|July 25, 2006
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and Sorting Your Images Using a Rating System: Stars and Rejects
by George Schaub
Once you’ve shot your pictures and begun the process of downloading,
naming, storing and backing up, there are many junctures at which you
can make critical decisions about what to keep, and what to toss away.
Yes, it’s difficult to throw away any image, but given that digital
tends to encourage overshooting it’s important to make some decisions
about similars, bracketed shots and especially those that are beyond the
reach of Photoshop. Some of these discards are obvious, and when you open
your images right after downloading in your browser you know what’s
got to go. But others are borderline, and experience shows that some images
that might have been thrown away later turn out to be your favorite.
Digital SLR Sales are Booming
industries that thrive on innovation, the business of photography tends
to be cyclical as new technologies are unveiled, refined, introduced at
the high end of the market, and eventually made available to the mass
consumer. And right now the photo industry is on an upswing thanks to
booming sales of entry-level digital SLRs at prices that were unthinkable
just three years ago. This development has also generated considerable
interest in the myriad of related accessories like lenses, memory cards,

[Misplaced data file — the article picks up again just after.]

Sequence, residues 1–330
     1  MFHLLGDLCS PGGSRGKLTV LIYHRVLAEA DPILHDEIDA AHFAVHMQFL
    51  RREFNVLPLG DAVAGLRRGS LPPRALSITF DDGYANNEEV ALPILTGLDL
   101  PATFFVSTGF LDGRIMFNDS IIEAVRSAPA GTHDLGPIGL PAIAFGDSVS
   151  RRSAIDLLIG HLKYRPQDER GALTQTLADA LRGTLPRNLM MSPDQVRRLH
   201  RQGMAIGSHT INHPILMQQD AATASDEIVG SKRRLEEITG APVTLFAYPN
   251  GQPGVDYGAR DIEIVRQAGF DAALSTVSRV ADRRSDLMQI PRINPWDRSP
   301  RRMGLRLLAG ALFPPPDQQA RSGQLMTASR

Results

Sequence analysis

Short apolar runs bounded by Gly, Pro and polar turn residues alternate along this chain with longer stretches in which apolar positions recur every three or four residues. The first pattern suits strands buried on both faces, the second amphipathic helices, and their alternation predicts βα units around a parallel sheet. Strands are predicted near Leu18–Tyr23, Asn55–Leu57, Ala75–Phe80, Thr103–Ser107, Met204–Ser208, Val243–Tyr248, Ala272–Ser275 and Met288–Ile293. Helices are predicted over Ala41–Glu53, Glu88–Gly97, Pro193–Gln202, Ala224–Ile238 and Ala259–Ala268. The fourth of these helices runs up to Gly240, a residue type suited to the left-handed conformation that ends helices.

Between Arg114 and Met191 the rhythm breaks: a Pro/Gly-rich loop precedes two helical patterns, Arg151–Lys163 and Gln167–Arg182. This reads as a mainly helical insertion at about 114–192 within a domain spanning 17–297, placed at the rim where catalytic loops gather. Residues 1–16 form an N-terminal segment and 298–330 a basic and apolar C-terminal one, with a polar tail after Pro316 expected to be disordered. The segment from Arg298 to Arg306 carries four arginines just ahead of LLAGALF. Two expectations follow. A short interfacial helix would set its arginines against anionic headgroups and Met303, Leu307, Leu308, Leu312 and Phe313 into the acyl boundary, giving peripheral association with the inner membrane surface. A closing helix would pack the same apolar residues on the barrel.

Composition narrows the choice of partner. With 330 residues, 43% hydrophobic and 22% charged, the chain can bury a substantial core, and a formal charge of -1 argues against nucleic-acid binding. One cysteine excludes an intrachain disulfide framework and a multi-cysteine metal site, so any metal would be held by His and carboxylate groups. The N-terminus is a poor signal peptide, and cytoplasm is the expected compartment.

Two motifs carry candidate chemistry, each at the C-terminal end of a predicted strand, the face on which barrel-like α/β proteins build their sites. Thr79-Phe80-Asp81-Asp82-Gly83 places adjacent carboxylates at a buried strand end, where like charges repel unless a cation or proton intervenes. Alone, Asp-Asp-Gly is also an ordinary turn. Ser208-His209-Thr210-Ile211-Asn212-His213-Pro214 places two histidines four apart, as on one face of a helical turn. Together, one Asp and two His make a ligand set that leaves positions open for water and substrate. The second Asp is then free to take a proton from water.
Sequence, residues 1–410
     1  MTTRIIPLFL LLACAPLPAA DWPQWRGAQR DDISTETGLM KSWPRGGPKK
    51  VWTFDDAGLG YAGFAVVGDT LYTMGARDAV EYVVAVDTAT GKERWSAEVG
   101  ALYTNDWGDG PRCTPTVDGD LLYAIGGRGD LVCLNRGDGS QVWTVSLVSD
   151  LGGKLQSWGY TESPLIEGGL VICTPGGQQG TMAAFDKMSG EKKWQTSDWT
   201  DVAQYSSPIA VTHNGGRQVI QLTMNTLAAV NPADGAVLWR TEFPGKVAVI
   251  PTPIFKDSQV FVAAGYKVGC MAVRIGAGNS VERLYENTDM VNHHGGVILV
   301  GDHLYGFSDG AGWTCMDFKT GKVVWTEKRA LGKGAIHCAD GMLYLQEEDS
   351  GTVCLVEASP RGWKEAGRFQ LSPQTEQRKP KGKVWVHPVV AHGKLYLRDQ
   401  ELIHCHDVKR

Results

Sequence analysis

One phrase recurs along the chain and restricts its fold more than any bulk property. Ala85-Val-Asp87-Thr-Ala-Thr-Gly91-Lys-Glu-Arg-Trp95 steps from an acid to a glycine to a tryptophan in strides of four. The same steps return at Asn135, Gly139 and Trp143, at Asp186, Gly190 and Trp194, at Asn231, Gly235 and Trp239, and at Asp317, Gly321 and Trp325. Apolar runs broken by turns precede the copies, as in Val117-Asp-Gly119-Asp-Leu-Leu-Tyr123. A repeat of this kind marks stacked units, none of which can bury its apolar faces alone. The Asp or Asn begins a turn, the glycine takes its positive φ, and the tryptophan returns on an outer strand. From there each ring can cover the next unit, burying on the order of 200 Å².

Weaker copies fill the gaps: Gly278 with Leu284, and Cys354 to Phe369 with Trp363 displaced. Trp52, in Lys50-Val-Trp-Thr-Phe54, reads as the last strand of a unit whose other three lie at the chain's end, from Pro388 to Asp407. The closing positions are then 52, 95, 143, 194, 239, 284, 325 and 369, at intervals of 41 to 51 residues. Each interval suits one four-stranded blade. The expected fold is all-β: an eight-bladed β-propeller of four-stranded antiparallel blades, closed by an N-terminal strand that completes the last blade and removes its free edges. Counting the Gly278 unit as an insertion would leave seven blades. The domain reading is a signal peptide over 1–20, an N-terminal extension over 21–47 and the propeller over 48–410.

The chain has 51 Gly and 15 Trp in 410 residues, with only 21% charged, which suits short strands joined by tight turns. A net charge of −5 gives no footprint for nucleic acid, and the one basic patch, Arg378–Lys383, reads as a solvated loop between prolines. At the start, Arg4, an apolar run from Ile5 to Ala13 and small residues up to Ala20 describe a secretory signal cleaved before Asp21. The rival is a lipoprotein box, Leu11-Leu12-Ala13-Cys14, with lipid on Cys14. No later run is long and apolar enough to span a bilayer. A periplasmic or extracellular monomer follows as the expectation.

storage devices, photo printers and other digital imaging gear.
Canon’s EOS 30D
The Travel-Pak battery is a take-anywhere power source that comes with a handy carrying handle and case with shoulder strap. Note the two outlets; both 500 ws heads or one at a time can be used.
kit is composed of two flash heads (monoblocs), two heavy-duty 9-foot
stands, two umbrella reflectors, two umbrellas, all cords, bulbs,
and cables, as well as a strong duffle bag-like carrying case. The
optional Travel-Pak battery was also utilized. The supplied stands
come with an “L” bracket that allows you to mount the
heads in vertical or horizontal positions. Once mounted you can choose
from either AC or battery power; be sure to set the appropriate switch
on the back and avoid connecting both at the same time. Once you do,
the green “go” light comes on quickly and you’re
ready to shoot.
More and more colleges and photo schools are dropping their darkroom classes, and some have even stopped teaching photography using film. Do you think that learning about photography via film, and darkroom work, is essential, or should schools just head right for digital right now?
Please comment briefly on how you think photography is best taught.
Photography Workshops - Understanding Digital Photography
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